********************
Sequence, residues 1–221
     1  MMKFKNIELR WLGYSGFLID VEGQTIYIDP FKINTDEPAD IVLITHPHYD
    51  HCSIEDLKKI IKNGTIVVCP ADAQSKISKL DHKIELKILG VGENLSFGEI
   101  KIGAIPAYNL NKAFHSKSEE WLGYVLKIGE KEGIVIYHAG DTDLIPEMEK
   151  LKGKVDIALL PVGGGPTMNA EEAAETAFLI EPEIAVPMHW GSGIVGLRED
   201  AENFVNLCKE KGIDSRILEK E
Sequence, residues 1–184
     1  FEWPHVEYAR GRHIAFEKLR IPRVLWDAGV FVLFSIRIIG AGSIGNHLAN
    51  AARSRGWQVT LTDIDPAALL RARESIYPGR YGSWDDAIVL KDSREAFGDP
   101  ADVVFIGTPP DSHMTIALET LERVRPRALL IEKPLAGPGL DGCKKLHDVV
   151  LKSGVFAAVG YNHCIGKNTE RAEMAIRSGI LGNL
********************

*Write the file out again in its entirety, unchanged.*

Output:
Sequence, residues 1–221
     1  MMKFKNIELR WLGYSGFLID VEGQTIYIDP FKINTDEPAD IVLITHPHYD
    51  HCSIEDLKKI IKNGTIVVCP ADAQSKISKL DHKIELKILG VGENLSFGEI
   101  KIGAIPAYNL NKAFHSKSEE WLGYVLKIGE KEGIVIYHAG DTDLIPEMEK
   151  LKGKVDIALL PVGGGPTMNA EEAAETAFLI EPEIAVPMHW GSGIVGLRED
   201  AENFVNLCKE KGIDSRILEK E
Sequence, residues 1–184
     1  FEWPHVEYAR GRHIAFEKLR IPRVLWDAGV FVLFSIRIIG AGSIGNHLAN
    51  AARSRGWQVT LTDIDPAALL RARESIYPGR YGSWDDAIVL KDSREAFGDP
   101  ADVVFIGTPP DSHMTIALET LERVRPRALL IEKPLAGPGL DGCKKLHDVV
   151  LKSGVFAAVG YNHCIGKNTE RAEMAIRSGI LGNL